“Special Missions” God’s work among His special children

It all began last December, when I met Pastor Daniel, Director of Joy Center for the Disabled, Inc., in a conference at San Diego, USA. I decided to attend a seminar titled “Special Missions” hoping to learn how to deal with autistic individuals in my church. I entered the room thinking about how I should interact with people with special needs and how I could perhaps change them. However when I left the room I was convicted that it was not them that needed to change, but myself.

My time with Joy Center has taught me that:

  1. Everyone is disabled in some way or another. Disability is when a person is unable to carry out a specific task at that moment. For example, people who are short are disabled when they have to grab something from the top of the shelf. Or, someone who has ADHD is disabled when they have to sit down for a long time.
  2. People with special needs are just individuals with very different gifts and talents that many of us may find difficult to understand.
  3. Many of us often treat these individuals with sympathy, when this is not what they need. They are capable and can be skilled in many ways if given the proper education. Like all of us, they too need to be disciplined, they need to be cared for and they themselves want to love and care for others.
  4. Surely, they their situation is neither because of their parents’ sin nor because of their own sin, but it are for God’s work to be displayed in them. (John 9:3)
  5. Faith goes beyond whatever a person’s physical condition is.

Later on, I decided to volunteer at Joy Center’s office and join Joy Vision team for a Mission trip in the Philippines and East Asia. I began working in the last week of May soon after my graduation from university. I was helping out with whatever I could do. On my second day of work, I met Joy. She is Pastor Daniel’s daughter, a 13 year-old with Down syndrome. She is rather short for her age with small eyes and a unique style of speaking. She saw me exhausted at the end of the day and she asked very simply “Why you look so sad?”, then I replied. “Oh no, I am just tired”. Then she told me, “Don’t be sad, Jesus speaks to your heart”. I was astonished by what she has to say. How could she at her age, easily talk about her faith when it is so difficult for me to say the same thing to a friend in need?

The following week, many of the teachers at one of Joy center’s Saturday school was unable to come. The Director of the school, who was also working at the office, asked if I could help in any way. She then gave me a CD with some songs that is usually sung at Saturday School and asked if I could lead praise on Saturday. The songs were simple common Sunday school songs that I sing at my church with little children. So I came to Saturday school, a little worried, not sure if I could do the job well. After I prepared my guitar and the slides, a few adults and old people began coming into the room. “Oh, volunteers…” I thought. Only later to realize that the adults with white hair, were actually, the students. It was too late then to turn back. I just had to do it. It went alright, the students tried to sing and it so happened that I had not picked the songs that they usually sing. The following week, I picked simpler songs recommended by the teachers. One of them goes like this, “Deep deep down down, deep in down heart, Do you love Jesus? Deep deep deep down down, deep down in your heart. Do you love your Jesus, deep down in your heart?” (then they are to shout) “Yes, I love my Jesus, deep down in my heart”.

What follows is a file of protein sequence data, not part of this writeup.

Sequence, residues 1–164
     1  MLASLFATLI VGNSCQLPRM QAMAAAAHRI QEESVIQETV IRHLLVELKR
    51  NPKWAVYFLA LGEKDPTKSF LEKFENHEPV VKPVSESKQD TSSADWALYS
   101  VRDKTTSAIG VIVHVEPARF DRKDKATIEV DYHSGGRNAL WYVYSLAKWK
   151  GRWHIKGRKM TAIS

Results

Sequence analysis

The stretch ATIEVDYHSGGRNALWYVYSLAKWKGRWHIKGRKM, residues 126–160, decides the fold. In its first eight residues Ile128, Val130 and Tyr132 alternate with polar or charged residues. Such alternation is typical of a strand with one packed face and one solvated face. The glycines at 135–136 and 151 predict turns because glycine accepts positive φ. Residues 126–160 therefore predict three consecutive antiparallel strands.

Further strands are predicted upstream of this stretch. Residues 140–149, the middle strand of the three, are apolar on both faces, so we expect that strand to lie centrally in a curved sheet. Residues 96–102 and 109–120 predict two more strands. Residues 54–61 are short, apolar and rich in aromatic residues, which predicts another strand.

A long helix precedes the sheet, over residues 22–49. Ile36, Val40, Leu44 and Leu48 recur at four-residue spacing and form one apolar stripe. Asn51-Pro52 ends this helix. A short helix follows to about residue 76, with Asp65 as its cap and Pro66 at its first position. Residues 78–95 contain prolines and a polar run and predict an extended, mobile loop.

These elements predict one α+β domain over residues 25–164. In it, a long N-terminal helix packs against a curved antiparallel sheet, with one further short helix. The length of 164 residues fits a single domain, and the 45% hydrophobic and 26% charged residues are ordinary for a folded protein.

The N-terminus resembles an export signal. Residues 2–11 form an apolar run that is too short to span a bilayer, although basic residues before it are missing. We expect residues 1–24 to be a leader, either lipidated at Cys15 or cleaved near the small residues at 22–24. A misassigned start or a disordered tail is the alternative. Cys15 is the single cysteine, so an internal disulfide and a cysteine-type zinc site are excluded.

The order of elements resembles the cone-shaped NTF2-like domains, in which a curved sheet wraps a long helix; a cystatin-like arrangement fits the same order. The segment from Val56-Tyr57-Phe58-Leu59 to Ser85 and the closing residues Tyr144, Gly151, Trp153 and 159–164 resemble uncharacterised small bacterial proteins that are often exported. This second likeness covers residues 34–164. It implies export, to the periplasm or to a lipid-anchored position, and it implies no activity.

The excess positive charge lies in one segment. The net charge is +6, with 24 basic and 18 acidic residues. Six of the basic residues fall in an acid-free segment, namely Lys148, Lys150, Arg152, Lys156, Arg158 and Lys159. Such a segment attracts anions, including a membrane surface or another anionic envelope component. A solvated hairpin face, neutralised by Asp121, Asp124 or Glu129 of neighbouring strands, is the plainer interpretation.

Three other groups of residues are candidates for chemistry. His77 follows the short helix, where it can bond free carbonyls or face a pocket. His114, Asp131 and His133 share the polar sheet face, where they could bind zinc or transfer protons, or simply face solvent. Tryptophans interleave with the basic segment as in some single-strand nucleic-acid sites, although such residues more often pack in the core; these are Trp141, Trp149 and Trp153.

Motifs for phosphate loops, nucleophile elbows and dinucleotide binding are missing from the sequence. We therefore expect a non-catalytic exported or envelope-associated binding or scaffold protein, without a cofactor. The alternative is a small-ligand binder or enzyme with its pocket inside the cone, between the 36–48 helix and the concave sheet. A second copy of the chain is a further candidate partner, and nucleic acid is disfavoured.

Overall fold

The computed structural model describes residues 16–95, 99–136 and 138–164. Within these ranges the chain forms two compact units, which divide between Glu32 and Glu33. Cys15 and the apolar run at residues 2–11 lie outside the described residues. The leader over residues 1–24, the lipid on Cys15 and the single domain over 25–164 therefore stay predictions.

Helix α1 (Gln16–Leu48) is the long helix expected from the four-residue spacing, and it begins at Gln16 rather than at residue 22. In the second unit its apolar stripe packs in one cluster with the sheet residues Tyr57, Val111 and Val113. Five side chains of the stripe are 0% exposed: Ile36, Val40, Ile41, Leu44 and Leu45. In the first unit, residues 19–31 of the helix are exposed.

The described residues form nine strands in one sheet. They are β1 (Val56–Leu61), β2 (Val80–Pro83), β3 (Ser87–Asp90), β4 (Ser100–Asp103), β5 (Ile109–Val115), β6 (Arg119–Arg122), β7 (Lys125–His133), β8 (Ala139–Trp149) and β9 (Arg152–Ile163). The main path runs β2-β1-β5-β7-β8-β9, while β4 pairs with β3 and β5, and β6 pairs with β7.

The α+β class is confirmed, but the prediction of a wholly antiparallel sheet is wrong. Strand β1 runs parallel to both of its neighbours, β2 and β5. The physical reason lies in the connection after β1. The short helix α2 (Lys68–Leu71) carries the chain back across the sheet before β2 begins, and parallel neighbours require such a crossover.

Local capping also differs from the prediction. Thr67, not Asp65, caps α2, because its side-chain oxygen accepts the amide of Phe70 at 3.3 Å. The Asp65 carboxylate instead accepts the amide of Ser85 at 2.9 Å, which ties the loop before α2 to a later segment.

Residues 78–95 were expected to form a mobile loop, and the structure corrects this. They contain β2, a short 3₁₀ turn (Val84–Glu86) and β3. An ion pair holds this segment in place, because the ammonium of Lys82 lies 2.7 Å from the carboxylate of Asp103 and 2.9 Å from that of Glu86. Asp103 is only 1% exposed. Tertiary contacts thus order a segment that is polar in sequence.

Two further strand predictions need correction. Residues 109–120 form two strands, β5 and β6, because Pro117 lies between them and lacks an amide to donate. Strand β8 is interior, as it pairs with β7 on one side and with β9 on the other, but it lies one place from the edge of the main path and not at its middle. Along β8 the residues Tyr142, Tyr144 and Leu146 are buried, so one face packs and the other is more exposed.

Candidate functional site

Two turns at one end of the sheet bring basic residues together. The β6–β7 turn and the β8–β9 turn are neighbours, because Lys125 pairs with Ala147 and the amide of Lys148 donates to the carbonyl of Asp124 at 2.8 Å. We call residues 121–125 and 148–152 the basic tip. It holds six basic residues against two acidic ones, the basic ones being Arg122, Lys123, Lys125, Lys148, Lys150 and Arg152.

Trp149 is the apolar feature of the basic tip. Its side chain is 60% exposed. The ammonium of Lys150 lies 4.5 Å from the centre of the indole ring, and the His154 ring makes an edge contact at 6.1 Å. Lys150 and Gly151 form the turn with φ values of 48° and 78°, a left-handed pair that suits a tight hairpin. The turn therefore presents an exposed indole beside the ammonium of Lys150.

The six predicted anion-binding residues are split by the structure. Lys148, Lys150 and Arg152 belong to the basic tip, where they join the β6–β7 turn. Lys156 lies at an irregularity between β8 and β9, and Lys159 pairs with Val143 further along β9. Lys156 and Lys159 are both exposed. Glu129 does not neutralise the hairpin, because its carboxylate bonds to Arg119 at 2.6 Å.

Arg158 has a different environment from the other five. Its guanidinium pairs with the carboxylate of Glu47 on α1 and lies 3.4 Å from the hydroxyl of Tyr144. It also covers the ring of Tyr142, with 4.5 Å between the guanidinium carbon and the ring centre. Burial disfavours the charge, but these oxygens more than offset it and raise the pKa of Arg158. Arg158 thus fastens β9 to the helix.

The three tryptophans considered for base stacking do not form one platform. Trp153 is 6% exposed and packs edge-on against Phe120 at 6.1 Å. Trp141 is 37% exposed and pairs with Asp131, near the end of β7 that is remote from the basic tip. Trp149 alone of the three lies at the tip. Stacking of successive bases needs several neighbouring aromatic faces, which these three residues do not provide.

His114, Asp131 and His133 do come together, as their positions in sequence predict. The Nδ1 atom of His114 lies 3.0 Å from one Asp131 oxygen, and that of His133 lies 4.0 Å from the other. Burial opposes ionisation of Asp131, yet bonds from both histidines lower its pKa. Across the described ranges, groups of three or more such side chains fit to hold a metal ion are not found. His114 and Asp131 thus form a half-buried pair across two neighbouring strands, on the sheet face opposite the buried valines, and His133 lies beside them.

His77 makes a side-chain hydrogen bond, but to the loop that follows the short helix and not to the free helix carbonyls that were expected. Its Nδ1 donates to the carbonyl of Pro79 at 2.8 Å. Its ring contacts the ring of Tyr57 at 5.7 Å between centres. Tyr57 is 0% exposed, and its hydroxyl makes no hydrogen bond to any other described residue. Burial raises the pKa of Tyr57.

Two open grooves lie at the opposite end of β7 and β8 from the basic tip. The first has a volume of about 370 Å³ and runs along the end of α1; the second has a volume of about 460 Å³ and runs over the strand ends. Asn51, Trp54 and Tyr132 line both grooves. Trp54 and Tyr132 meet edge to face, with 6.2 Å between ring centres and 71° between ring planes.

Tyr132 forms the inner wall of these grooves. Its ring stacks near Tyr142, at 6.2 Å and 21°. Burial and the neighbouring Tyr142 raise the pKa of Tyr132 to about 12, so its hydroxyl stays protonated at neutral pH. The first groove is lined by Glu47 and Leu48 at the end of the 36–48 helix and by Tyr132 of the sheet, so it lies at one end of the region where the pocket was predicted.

When it was their turn, the students screamed in unison and sang their hearts out. I saw how much they loved to praise God and how simple they are in their faith, like that of a little child. There was a student there named Oscar Gonzales, 65-yrs old, He was rather quiet. He sometimes would smile, ask for a hug or shake someone’s hand and say that he is happy. However, when we asked him to get on with the physical education activities such as stretching, walking or moving around, he often say, “My head hurts” while touching his forehead, or, he would say, “My back hurts”, while touching his back. No one dared to push him to do physical activities thinking that he actually might have a bad back. During one of the class sessions, I was to share the gospel to Oscar. Before I could start talking about how to be saved, he cut me, and said that “We can go to heaven because Jesus died for us”, a short but perfect summary of the gospel. The usually quiet Oscar who barely says much was able to utter the gospel story perfectly. Then I told him, “Hey Oscar, then if your friend is sad, you should tell him about Jesus.” After that, he immediately turned to another student who was sitting next to him and started to ask if he was happy.

That was one of the few great experiences I have had with Joy center’s Saturday School. I can surely go on for hours about each student if I am given the time. (Evelyn is a member of GMI Sion Jambi. She just completed her bachelor in Environmental Sciences from University of California Berkeley in May 2012).

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